It is also important to understand that vetting a new primitive is extremely expensive: it takes person-decades of effort from intensely-talented specialists. This is one reason why there is little or no demand for new ciphers, particularly from amateurs who don't already have a deep understanding of the field. The extremely high cost of vetting a new cryptographic primitive is one reason that smart users of cryptography generally try to use existing, vetted primitives, rather than inventing their own. If you invent your own scheme, it is extremely unlikely you'll be able to arrange for as much analysis and vetting of your own scheme as the standard ones have already received – so don't do that. Don't "roll your own". Instead, I advise people to use existing, standard, accepted primitives, like AES, SHA256, RSA, etc.

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    $\begingroup$ While what you say is true, I recall that a lot of great inventions has been made by people who just did not know that the problem they are trying to solve is unsolvable. :) $\endgroup$
    – Arsen7
    Commented Aug 4, 2011 at 7:03
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    $\begingroup$ I understand what your saying and I know I have a huge amount of work ahead of me, but I really feel like I'm on to something. I asked this question because even though I've gone through years of research, I accept the fact that I don't know everything and that I have a lot to learn from my peers in the field, not to mention we're in beta and if I don't ask it, somebody eventually will. I've worked for years researching, testing, breaking, re-breaking, and expanding on the cipher I do have. I'm going to fail a lot before I succeed, but I only need to succeed once. $\endgroup$ Commented Aug 4, 2011 at 15:04
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    $\begingroup$ +1, and I completely agree with the sentiment here, but want to make an addendum to "The hard bit is to design a cipher that no one else can break." - the really hard part is doing this while having something that is at all competitive from an implementation perspective. It wouldn't be that hard for someone with a decade or so of experience to come up with an algorithm that would be secure if you used, say, 10000 rounds, but which would probably not be secure if you wanted it to be as fast as, say, Rijndael or Twofish. Of course most such people know enough not to bother doing such things... $\endgroup$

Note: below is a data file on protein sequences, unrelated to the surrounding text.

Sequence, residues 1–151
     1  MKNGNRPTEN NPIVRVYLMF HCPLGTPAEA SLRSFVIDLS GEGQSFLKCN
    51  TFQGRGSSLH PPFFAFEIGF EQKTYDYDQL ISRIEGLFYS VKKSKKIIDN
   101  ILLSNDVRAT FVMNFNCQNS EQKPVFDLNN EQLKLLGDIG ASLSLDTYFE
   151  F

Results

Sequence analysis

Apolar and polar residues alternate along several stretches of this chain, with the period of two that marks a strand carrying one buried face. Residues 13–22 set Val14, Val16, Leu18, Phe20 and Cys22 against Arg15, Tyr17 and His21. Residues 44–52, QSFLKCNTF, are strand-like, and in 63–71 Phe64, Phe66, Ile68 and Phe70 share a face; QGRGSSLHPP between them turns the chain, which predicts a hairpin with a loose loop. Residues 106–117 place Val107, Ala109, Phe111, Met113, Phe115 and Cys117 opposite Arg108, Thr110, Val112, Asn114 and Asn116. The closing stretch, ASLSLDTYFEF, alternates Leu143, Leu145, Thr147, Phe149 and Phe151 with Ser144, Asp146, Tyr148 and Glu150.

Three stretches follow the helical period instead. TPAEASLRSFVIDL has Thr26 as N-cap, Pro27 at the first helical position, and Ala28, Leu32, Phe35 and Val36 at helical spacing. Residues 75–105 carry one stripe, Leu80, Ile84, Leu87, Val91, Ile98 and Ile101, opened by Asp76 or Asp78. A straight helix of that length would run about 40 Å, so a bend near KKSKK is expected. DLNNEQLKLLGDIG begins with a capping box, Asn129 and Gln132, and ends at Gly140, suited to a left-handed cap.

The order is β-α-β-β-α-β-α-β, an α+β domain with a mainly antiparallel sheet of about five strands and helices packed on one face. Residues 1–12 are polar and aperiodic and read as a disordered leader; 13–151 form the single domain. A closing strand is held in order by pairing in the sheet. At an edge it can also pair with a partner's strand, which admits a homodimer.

– Jack Lloyd
    Commented Aug 4, 2011 at 17:04
  • $\begingroup$ @Corey: Part of the problem is that it is inherently difficult to know when you fail; the most likely outcome is that you think you've succeeded, but actually you failed (actually there is a subtle flaw in your cipher that you are not aware of). I agree with Jack LLoyd that performance is also the key challenge. I'd say, if you want to succeed at your goals, your best bet is to start by trying to cryptanalyze ciphers others have designed. if you demonstrate ability in that (e.g., by publishing a cryptanalysis paper at a respected conference), then you might be ready to design a new cipher. $\endgroup$
    – D.W.
    Commented Aug 4, 2011 at 20:31

In addition, NIST Statistical Tests and Diehard Battery of Tests of Randomness are good tests.Some tests proposed here and here for stream ciphers. Passing these tests is essential but does not enough. For more information see introduction of first link.
Also Provable security may be useful.

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    $\begingroup$ Fair enough, but a word of warning: those statistical tests will only find blatant flaws (absolutely gaping-wide holes). So passing the test tells you almost nothing. It would be very easy to get a false sense of security from passing those tests. $\endgroup$
    – D.W.
    Commented Aug 4, 2011 at 20:33
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    $\begingroup$ Thank you for your comment. Yes, Passing these tests is essential but does not enough. $\endgroup$
    – ir01
    Commented Aug 4, 2011 at 22:02